Around a third of borrowers are struggling to pay their home loans with a quarter using credit cards to cover essential spending, according to an open banking fintech firm.
The survey from 1,000 borrowers by open banking firm Tink discovered that a third were running out of money before the end of the month.
To cover essential spending, around a quarter are using credit cards, 23% are leveraging instalment or delayed payment options and 16% are using loans.
The report said that due to heightened rejections many consumers were having to go to “greater lengths” to secure borrowing.
More than one in ten of borrowers surveyed said that when refused a loan, they reapplied with a different lender.
A further one in 10 said they have exaggerated their income in their application.
Around 9% noted that they have “underreported” monthly outgoings when applying for finance and 8% sought a loan from an unregulated lender as they could not go elsewhere.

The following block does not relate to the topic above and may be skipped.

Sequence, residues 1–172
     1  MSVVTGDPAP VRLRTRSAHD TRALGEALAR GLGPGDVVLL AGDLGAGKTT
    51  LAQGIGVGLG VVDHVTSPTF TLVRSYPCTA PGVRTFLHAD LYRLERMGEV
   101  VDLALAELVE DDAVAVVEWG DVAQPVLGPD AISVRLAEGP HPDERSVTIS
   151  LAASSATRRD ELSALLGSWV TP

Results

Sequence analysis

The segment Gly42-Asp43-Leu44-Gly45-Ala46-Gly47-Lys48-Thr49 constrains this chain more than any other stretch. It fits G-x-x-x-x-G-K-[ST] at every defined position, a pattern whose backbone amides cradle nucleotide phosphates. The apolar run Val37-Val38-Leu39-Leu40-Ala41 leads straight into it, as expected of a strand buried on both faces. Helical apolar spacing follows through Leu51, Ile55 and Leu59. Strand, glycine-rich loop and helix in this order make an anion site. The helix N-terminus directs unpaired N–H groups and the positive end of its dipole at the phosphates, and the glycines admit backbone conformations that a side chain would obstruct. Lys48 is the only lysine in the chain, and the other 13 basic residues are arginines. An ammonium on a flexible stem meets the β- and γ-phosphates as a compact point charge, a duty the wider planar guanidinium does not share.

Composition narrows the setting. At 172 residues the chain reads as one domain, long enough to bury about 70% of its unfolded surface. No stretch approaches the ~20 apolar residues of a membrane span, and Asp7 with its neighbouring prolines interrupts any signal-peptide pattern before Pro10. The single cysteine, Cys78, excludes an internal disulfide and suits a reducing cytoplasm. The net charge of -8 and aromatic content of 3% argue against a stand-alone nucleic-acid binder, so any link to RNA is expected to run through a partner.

Rejected applications on the rise
According to a parallel survey of 200 UK lenders, 58% of lenders have reported seeing a greater number of rejected applications due to people failing to meet affordability criteria.
Meanwhile, over a third of lenders also reported a rise in application documents being edited, implying that mortgage fraud to increase apparent income and reduce outgoings are becoming more common.
The report continued that 82% of lenders agreed that the cost-of-living crisis makes affordability checks “more important than ever” and over three quarters acknowledged the need to improve risk decisioning models to give a more “accurate view” of people’s finances.
Tasha Chouhan, UK head of banking and lending at Tink, said: “With many traditional credit checks making it difficult for people to gain access to loans, those who most need financial support are resorting to desperate measures.
“By prioritising investments in data-driven lending models, lenders can make more informed credit decisions to widen credit access to those who can afford it, while protecting struggling borrowers from getting into financial distress.”